Managed Futures:  The Search for Non-Correlation

Traditional wisdom suggests that diversifying among asset classes will smooth out returns and reduce overall risk in an investment portfolio. 

Unfortunately, most traditional asset classes have recently become highly correlated.  That is, they have been moving up or down in tandem, diminishing the benefit of diversification.  In a quest for non-correlated assets, sophisticated investors frequently look beyond traditional stocks and bonds to include alternative investments.  One such alternative with favorable correlation characteristics may be found in managed futures strategies.

Managed futures strategies can improve the risk-return tradeoff in a long-term asset allocation portfolio, yet few investors consider it as an asset class.  Their obscurity is perhaps owed to a lack of understanding of the specific role they can play in diversified portfolios, but managed futures strategies have historical performance characteristics that make them highly relevant in a market environment of relatively low returns and generally rising asset class correlations. 

Initially, managed futures strategies focused solely on metals and grain futures, but became commonplace in the 1970s after futures exchanges expanded to include new types of futures contracts.  Presently, managed futures strategies encompass both long and short investments across commodities, equities, currencies, interest rates, and government bonds futures.  Popularity of the asset class has increased since its strong performance during the dot-com collapse of 2000-2002 and the financial crisis in 2008.  Despite a successful track record, however, managed futures remain an asset class unfamiliar to many investors.

The primary driver of most managed futures strategies is trend-following or momentum investing; that is, buying assets that are rising and selling assets that are declining.  This type of strategy’s most powerful attribute is the potential to do well in either extremely strong or extremely weak markets.  By doing well when most traditional asset classes are suffering, a compelling statistic results.  Historically, managed futures have displayed virtually no correlation to the S&P 500 Index or the Barclays Capital Aggregate Bond Index, offering strong portfolio diversification potential.

Momentum investing is supported by modern behavioral economics theory, which links human behavior to under- and over-reactions in market prices.  You may ask, “How can a price trend be predicted and profited from?”  Consider, for example, a positive catalyst that justifies a higher intrinsic value of an asset.  As the behavioral economics theory proposes, investors’ anchoring biases may mute their reaction to new information causing new price estimates to remain tethered to old prices.  After the initial under-reaction and once the catalyst has been widely accepted and disseminated, herding behavior can push prices beyond the asset’s fundamental value.  The same example can apply to negative catalysts where the behavioral pattern would simply be inverted.  This behavioral explanation implies that investors may be less rational than many market theories assume, a conclusion supported by a growing group of behavioral economists.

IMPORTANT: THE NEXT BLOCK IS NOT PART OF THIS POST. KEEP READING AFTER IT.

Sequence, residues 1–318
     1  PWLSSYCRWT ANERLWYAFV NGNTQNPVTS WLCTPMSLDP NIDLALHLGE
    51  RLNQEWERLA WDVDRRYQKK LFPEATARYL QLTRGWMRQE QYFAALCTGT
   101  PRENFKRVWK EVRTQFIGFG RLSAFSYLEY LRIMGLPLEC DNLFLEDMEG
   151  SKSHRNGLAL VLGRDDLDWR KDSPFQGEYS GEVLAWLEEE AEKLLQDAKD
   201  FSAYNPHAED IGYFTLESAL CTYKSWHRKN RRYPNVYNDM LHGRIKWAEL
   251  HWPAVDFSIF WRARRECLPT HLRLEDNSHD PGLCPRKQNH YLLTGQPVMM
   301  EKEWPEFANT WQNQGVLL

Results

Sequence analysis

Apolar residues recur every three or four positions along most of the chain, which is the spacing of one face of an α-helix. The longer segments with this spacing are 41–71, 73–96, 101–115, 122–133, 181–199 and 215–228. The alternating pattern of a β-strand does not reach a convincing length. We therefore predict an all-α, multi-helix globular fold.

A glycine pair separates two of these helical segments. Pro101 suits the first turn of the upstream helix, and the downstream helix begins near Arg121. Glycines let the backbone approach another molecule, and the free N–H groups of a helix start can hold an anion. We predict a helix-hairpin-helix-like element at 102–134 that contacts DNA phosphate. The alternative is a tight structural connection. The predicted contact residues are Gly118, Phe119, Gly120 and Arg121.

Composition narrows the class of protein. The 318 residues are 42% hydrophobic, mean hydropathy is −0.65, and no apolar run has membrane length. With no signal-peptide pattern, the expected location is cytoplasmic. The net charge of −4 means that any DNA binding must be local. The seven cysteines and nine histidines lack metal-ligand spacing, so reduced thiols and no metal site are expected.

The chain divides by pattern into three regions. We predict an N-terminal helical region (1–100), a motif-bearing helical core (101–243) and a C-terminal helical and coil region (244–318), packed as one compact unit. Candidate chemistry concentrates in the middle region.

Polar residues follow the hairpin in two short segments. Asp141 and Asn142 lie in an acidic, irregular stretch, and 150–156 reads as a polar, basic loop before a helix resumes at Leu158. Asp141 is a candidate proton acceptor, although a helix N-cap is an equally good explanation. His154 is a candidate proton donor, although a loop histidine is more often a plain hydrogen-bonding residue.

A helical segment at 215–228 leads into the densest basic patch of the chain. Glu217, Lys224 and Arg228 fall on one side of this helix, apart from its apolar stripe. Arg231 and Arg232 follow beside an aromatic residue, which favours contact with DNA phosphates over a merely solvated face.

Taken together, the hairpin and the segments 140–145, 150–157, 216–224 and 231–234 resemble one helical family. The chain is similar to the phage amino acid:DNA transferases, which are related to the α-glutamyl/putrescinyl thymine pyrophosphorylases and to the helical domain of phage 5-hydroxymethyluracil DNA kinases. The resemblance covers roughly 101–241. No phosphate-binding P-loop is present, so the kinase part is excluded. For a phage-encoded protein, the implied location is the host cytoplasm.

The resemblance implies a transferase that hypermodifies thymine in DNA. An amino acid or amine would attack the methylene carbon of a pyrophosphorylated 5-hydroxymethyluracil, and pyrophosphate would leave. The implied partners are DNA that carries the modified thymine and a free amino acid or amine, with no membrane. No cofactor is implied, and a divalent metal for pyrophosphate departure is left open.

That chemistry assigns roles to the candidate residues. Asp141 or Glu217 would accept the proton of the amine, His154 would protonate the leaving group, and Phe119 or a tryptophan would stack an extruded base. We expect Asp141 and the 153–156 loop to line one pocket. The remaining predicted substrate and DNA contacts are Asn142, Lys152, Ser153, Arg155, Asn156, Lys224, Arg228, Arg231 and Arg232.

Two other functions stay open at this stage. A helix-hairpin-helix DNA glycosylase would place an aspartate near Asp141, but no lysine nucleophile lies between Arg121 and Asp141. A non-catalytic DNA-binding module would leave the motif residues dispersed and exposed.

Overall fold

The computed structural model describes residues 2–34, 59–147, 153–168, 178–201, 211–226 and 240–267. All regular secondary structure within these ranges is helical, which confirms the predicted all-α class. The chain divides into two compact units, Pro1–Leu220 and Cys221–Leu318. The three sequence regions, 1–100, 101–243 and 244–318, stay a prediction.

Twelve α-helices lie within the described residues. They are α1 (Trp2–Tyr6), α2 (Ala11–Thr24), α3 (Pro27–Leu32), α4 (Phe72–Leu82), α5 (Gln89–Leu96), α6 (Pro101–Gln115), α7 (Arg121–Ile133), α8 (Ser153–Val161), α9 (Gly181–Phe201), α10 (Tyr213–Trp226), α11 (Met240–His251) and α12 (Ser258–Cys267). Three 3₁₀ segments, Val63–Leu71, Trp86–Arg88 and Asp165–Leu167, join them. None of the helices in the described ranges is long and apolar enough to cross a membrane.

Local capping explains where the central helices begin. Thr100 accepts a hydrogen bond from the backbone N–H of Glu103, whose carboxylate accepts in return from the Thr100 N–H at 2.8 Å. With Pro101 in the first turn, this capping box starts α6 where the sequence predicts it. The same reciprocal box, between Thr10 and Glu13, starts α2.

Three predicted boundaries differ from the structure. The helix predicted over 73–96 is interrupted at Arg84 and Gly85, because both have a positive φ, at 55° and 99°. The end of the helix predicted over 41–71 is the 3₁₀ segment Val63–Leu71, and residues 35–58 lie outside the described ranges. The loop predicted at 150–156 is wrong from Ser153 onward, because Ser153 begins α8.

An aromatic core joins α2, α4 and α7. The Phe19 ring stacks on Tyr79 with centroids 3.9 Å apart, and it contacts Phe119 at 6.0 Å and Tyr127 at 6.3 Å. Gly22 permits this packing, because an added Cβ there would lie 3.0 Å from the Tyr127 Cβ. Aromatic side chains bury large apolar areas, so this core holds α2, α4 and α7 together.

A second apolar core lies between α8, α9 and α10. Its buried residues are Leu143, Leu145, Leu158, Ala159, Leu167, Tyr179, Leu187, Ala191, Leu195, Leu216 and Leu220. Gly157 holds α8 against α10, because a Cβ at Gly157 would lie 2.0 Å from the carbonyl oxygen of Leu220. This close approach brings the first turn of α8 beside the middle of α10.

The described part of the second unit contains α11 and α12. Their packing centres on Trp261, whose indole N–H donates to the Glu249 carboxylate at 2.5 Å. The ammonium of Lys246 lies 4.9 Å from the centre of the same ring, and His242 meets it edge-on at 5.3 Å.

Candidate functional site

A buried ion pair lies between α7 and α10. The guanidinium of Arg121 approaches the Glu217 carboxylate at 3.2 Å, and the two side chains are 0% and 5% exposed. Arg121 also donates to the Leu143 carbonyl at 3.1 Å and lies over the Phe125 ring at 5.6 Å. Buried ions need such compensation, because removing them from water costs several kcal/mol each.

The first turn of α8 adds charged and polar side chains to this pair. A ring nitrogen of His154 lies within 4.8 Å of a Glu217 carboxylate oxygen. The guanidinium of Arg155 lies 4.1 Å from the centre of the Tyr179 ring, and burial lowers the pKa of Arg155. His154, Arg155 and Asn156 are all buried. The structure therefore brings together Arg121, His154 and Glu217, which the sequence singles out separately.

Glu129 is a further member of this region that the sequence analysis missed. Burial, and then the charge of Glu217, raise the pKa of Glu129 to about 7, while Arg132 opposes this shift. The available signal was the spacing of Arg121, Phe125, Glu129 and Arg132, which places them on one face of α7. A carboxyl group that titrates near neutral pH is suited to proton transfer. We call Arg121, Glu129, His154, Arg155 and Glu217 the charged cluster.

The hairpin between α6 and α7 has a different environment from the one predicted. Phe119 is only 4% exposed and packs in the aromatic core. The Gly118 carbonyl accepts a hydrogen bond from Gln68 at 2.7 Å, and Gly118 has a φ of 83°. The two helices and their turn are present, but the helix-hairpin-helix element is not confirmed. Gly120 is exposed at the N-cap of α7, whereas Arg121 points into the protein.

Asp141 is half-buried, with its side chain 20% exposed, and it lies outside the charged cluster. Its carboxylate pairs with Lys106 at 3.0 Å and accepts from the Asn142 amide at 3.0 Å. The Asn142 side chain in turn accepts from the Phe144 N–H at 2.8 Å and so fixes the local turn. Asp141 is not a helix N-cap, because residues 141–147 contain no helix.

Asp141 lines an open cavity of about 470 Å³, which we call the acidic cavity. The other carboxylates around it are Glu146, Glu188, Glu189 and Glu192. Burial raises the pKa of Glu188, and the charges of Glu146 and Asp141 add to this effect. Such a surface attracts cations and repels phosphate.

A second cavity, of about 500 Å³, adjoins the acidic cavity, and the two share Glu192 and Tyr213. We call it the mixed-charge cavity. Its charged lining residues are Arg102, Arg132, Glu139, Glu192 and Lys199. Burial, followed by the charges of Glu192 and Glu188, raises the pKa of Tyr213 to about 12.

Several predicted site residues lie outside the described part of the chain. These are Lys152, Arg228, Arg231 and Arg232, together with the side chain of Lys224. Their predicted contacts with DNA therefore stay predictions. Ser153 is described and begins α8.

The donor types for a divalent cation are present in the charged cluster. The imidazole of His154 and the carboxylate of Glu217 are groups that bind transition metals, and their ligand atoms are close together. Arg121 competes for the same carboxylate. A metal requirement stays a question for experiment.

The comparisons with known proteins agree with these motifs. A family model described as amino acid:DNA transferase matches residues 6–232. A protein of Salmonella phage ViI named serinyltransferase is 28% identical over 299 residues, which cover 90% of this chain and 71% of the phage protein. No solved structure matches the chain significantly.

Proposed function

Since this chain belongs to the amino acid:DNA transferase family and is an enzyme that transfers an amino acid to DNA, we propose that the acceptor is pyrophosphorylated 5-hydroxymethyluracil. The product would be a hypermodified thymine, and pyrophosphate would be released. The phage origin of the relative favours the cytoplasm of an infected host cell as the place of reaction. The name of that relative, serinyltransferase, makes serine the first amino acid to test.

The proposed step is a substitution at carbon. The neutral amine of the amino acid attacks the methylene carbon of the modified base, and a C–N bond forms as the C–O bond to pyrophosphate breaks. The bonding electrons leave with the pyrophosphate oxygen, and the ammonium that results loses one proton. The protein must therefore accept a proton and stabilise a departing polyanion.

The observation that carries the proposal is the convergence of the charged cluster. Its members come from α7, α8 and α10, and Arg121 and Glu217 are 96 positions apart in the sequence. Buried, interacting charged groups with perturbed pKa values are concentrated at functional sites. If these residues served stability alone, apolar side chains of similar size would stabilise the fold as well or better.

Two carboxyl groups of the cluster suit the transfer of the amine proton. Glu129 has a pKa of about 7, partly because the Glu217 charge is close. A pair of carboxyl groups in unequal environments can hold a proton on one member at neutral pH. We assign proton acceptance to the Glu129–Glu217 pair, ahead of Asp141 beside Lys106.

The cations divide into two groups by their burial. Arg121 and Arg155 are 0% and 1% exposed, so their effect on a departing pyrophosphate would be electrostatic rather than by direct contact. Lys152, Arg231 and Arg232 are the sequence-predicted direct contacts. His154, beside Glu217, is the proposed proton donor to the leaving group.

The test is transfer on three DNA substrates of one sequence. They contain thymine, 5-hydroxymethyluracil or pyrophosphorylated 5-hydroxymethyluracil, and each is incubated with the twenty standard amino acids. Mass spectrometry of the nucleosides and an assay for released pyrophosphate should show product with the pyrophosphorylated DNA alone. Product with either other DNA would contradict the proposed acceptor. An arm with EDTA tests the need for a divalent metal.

Since the prerequisite for positive performance of such managed futures strategies is a sustained and consistent trend in market futures prices, they tend not to perform as well in other market conditions.  These environments include periods without sustained moves in one or more of the markets traded, so-called whip-saw markets, in which trends appear to develop but then quickly reverse.  Other environments where these strategies may underperform are markets that are driven by factors or events not reflected in technical analysis.  In 2011 and 2012, political aggravations, natural disasters, global central bank policies, and a general “risk-on, risk-off” investor mentality left markets choppy and directionless.  These conditions produced negative returns for most managed futures strategies during that time period.

For many years, hedge funds were the only vehicles through which investors could access managed futures.  However, this strategy has become considerably more accessible now that it is also available through mutual fund vehicles with reduced fee structures, increased liquidity, greater transparency and simpler tax compliance.  As of May 31, 2012, there were 31 managed futures mutual funds comprising total assets under management of nearly $9 billion.

Despite the perceived complexities, managed futures strategies should warrant further exploration.  With the ability to invest both long and short across multiple assets classes, managed futures strategies have characteristics that may help investors address the problem of rising asset class correlations.  As recent events have illustrated, geographic diversification may no longer be sufficient to help investors reduce portfolio risks.  Those seeking new and potentially more effective ways of diversifying may wish to consider adding managed futures strategies to their portfolios, given the strategy’s track record of low correlations coupled with its upside return potential.